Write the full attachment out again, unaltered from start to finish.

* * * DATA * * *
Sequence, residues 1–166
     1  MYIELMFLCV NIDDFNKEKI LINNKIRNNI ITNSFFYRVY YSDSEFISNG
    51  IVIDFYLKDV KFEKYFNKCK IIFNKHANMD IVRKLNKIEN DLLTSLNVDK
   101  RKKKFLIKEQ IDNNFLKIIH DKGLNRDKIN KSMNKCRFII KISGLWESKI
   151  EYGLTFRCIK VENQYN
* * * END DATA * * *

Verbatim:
Sequence, residues 1–166
     1  MYIELMFLCV NIDDFNKEKI LINNKIRNNI ITNSFFYRVY YSDSEFISNG
    51  IVIDFYLKDV KFEKYFNKCK IIFNKHANMD IVRKLNKIEN DLLTSLNVDK
   101  RKKKFLIKEQ IDNNFLKIIH DKGLNRDKIN KSMNKCRFII KISGLWESKI
   151  EYGLTFRCIK VENQYN